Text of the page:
Wikipedia defines Synchronicity as “the experience of two or more events that are causally unrelated, occurring together in a meaningful manner”. It was the famous psychoanalyst Carl G. Jung who coined this term in the 1920’s.
Two apparently unrelated events took place in my life around the turn of the year:
Gerd Leonhard sent me the link to the Harvard Business Review blog of a brilliant and provocative man: Umair Haque, Director of the Havas Media Lab (http://blogs.harvardbusiness.org/haque/). In his last post of 2009, Umair wrote the “Builders’ Manifesto” on the day of the Copenhagen Climate Conference fiasco. In his paper, he claims that we won’t need “maintenance leaders” anymore (the word is mine) but rather “builders”. From his point of view, leaders who throw their energy in the battle for saving the unsavable, leaders who try to engage their people into tightening their belts to maintain, at best, the status quo, are on the wrong path and do more harm than good.
Umair has got a point: Is it wise to invest considerable energy and financial means in saving dinosaurs, which have proven their inability to cope with change, leave alone simply listening to what their customers were telling them? Yes, jobs are at stake and in the panic storm of 2008/2009, nobody knew how wise it would be to let other Lehman Brothers fall apart in the financial, industrial and services sectors. But…
How much resource will we dedicate to maintain under life assistance companies which, unless they opt for humble and radical change of paradigm and mindset (and, from what we see, there is nothing less certain), are condemned in the short/medium term? Shouldn’t we rather invest into the promising young plants of the future?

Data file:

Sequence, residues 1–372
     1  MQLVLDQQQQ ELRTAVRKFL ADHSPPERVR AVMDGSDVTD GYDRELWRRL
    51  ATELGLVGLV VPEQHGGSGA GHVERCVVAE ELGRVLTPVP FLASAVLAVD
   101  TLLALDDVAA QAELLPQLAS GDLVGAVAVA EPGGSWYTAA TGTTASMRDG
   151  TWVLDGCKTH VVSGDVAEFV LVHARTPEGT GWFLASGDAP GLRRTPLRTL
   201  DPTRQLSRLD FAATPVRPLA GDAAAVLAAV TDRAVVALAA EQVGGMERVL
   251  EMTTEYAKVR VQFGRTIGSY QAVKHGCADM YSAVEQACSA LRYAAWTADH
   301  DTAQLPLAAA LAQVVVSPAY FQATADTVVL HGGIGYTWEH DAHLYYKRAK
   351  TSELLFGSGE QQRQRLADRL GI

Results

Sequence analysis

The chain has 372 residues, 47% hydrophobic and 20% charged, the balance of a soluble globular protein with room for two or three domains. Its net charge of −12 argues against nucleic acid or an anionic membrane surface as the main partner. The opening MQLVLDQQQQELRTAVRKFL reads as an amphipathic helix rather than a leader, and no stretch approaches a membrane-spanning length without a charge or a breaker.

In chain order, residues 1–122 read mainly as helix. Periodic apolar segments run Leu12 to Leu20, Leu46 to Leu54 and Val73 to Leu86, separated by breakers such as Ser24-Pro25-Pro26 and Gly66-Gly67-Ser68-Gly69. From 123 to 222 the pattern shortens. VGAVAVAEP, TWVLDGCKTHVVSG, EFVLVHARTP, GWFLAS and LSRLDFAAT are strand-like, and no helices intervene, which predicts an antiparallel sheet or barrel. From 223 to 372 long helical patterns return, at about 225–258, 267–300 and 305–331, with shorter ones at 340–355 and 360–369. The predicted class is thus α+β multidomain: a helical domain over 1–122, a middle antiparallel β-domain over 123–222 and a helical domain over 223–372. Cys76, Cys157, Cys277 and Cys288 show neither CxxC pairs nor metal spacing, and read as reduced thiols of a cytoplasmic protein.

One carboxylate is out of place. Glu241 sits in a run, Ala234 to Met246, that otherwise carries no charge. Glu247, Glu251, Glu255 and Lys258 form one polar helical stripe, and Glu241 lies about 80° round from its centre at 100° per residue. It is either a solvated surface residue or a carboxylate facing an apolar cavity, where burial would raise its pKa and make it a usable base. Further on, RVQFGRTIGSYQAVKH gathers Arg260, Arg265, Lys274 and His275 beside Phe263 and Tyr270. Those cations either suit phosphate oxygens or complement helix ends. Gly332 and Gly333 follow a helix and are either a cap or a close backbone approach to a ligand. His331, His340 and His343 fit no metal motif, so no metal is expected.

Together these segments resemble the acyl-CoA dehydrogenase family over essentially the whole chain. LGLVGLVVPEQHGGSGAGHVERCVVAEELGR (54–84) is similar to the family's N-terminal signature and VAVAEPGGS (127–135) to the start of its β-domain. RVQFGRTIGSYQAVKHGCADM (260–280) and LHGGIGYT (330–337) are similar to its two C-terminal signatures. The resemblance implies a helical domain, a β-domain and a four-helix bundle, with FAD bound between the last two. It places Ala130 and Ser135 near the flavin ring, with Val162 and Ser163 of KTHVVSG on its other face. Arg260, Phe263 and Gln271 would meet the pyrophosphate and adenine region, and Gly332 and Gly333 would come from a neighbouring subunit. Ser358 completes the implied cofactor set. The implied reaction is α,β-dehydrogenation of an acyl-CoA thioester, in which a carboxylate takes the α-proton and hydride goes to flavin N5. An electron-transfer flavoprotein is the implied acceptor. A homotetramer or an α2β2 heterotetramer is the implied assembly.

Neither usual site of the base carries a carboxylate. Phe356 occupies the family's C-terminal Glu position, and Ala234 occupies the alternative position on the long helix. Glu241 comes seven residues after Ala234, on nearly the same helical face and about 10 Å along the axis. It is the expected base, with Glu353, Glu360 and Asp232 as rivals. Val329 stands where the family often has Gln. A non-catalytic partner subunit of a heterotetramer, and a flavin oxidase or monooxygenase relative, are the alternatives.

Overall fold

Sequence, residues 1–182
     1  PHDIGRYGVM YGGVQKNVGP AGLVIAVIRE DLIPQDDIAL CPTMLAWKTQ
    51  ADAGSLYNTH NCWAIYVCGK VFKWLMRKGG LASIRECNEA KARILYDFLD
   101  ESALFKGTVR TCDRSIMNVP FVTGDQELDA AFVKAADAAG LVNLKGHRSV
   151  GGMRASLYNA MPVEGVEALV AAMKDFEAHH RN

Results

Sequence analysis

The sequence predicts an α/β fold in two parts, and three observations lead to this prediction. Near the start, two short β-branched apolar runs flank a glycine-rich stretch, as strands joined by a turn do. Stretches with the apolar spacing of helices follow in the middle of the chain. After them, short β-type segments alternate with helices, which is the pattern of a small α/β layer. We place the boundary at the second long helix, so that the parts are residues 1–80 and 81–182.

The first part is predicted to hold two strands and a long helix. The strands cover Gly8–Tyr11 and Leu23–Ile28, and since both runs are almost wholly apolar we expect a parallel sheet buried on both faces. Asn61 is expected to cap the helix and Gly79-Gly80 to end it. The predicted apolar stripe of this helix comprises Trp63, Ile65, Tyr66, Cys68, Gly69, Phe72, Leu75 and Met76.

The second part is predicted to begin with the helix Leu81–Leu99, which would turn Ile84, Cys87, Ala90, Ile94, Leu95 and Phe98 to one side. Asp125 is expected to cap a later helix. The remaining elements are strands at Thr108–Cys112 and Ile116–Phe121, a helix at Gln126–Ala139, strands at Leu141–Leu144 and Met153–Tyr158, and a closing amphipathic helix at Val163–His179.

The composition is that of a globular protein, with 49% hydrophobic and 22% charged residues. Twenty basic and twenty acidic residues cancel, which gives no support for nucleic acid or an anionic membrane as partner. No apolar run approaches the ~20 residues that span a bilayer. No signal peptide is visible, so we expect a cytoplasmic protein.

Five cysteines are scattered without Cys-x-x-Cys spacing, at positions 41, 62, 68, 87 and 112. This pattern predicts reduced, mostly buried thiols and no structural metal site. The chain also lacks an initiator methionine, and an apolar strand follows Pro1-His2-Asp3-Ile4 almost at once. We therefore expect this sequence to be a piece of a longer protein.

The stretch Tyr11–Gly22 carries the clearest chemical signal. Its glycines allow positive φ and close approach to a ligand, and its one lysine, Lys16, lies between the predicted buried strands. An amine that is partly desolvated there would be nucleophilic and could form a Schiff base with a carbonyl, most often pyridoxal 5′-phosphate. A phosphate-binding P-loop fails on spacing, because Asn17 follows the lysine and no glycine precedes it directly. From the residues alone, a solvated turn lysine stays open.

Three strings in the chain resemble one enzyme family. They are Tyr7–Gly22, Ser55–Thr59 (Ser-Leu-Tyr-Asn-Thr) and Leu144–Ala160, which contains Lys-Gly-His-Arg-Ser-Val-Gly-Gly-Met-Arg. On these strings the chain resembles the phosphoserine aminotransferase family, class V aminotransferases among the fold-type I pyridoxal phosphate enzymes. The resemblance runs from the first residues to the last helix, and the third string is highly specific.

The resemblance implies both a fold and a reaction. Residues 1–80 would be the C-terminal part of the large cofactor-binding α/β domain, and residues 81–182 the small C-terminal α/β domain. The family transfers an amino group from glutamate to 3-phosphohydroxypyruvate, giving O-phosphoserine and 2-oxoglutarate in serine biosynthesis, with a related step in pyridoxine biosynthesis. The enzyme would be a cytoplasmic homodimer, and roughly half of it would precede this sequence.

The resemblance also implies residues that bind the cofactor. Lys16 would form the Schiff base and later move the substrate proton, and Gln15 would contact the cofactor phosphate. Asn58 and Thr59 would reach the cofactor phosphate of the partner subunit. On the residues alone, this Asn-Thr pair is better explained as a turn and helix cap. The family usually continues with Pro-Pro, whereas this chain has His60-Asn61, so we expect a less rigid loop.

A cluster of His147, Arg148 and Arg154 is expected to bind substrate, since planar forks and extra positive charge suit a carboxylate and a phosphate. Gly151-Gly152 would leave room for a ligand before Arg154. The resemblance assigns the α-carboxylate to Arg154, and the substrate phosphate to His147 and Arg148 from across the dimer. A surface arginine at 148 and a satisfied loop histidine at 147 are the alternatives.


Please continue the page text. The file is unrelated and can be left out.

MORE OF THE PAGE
The article then questions some famous leaders such as Barack Obama, Ben Bernanke or Bill Gates: are they innovative, value creating builders or is most of their energy geared towards maintaining a crumbling model?
I found the Maintenance vs. Builder leadership a worthwhile concept at the time of kicking a new decade accompanied with so many threats (Climate & environment, aging of the population and the weight of their pension system, the cost of health, the increasing divide and incomprehension between people and nations, poverty, misery and social inequality) as well as promising opportunities (Open Network Economy, the maturation of Brazilian, Russian, Indian, Chinese and many other economies, the fast growth of the social networking phenomenon diminishing barriers of intolerance, progress in green technology and economy, micro-credit etc…). Do we want to be remembered as leaders “looking to the future in their driving-mirror” or will we be celebrated as visionary builders?
While I was reflecting on that choice, came to me the very sad story of a personal friend: a flamboyant, sometimes borderline arrogant and successful businessman, he now fell into a deep and painful depression, despite of his persistent successes. While discussing these sad circumstances, the words of Robert Stevenson (author of Robinson Crusoe) resonated in my head: “To be who you are and to become who you are capable of becoming is the only end in life”.
In 2010, I intend to dedicate my energy and passion to support the “building leaders” who will courageously challenge the status-quo, refuse to be victims of circumstances and rather than “fix it”, will have the determination to re-create what shouldn’t be maintained.
I wish you all a determined and courageous journey during this 2010 year!